Nature – Tidbits

Chapter One

  • Nature is often presumed to be an objective reality with universal qualities unafffected by consideractions of time, culture and place (1)
  • Understandings of nature in the western world can roughly be divided into five historically important categories: The physical, the essence, the inspiration and the opposite of culture
  • Nature has been attributed with approved human values and ideals to validate and raise above debate particular visions and ideologies.
  • A fundamental issue for Aristotle in Physics was the distinction between natural entities whose essence is innate, and artificial entities whose essence derives from an external source.
  • Emerson: “Nature…refers to the essences unchanged by man.  Art is applied to the mixture of his will with the same things.
  • We enshrine what is in fact a transitional ecosystem not because nature has endowed grassland with special significance but because we prefer this particular version of nature.
  • Some natural environments are so carefully contrived that casual observers often fail to appreciate the degree of cultural selection that went into it.

Chapter Two

  • Fourty four of the sixty six meanings of nature listen by Arthor Lovejoy and George Boas were already current in classical times.
  • Nature stems from the latin nascene, to be born
  • Decline of the Roman emire tied firectly to resource depletion
  • Lead Poinsoning partictularly responsible for the withering away of the ruling oligarchy afflicted with an inordinately high dose of still births, sterility and mental degeneracy.
  • By destroying pagan animism, christianity made it possible to exploit nature in a mood of indifferance to the feelings of nauture.
  • All agrarian societies, ancient or modern, are imbuted with the imperatice to domesticate the physical environment.
  • According to the Pythagreans, avoiding meat was ultimately a way to purify the soul.

Chapter Three

  • It is frequently held that the natural world will benifit from benign neglect.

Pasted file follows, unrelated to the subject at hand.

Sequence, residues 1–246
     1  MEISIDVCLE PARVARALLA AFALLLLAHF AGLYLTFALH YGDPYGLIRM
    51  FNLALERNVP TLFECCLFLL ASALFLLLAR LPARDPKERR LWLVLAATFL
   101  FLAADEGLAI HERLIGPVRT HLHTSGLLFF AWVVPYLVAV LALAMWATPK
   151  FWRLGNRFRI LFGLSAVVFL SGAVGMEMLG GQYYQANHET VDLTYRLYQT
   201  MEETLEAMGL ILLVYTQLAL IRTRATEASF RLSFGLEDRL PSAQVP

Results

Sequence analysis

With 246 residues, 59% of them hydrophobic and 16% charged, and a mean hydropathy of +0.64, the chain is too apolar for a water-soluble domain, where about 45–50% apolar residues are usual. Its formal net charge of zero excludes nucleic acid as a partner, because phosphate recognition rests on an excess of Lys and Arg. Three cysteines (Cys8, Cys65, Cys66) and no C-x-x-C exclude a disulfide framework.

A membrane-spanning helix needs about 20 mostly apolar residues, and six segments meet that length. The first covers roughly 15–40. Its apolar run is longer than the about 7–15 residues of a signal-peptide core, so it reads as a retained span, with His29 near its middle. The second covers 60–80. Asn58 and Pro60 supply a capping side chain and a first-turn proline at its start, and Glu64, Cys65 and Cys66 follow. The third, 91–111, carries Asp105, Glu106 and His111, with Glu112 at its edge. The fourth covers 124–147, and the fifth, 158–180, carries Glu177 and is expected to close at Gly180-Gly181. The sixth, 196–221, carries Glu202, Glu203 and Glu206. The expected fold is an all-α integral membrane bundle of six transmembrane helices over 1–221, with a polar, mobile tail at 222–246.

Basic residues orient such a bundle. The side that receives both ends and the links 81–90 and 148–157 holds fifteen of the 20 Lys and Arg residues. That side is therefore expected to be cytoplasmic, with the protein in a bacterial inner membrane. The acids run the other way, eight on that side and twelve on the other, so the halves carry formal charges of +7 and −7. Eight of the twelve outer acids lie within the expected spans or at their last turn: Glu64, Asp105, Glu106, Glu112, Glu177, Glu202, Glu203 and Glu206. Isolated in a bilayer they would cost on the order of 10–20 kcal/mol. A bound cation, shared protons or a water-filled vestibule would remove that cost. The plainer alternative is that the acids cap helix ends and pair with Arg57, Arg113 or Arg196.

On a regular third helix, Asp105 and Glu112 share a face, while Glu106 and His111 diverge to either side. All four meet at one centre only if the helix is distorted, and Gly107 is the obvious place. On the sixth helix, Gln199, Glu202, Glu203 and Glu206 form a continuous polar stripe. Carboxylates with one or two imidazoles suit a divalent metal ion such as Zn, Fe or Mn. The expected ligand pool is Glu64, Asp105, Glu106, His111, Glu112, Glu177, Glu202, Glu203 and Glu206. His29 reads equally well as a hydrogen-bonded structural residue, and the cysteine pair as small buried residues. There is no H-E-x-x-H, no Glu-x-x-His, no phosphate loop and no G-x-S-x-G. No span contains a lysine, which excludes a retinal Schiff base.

• The Norman conquest was no more a confrontation with virgin soil than was the european inbasion of North America launched by Columbus.
  • Many areas of England were treeless by the Bonze Age.
  • During the Saxon era, forest clearence fell in populairity.
  • In a period characterized by temperatures a few degrees warmer than typical, Englands population tripled.
  • Environmental reprocussions of the Bubonic Plauge were substantial, causing whole towns and regions to be abandoned.

Chapter Four

  • Mankind experienced a decisive alienation from nature between the Renaissance and the scientific revolution.
  • By transforming nature from a living organism into a machine – simply unfeeling, inert matter…the new mechanistic philosophy assiosted the commodification of nature.
  • The Calvanistic notion that it was man’s duty to God to subdue the earth reinforced existing beliefs.
  • Scientific knowlege means technological power over nature.
  • Galileo gave nature an abstract existence apart from humanity, but its meanings and values remained to be found and bestowed by the human mind

Chapter Five

  • The lone cypress stands as a peerless monumnet to capitalisms bid to privatize, incorporate and commodify nature.
  • Since the onset of the modern eram western Europe has operated as an often overwhelming source of cultural, economic and ecological pressure on the remainder of the globe.
  • The concept of the noble savage grew of European guilt and longing.
  • Once humans became agriculturalists, the almost parasidical character of prehistory was irretrivably lost.
  • The designation of the Indian as a pioneer ecologist certainly entails a loose understanding of ecology.

One Response to Nature – Tidbits

  1. […] Week 07: Coates Nature Preface and ch. 1-5 […]

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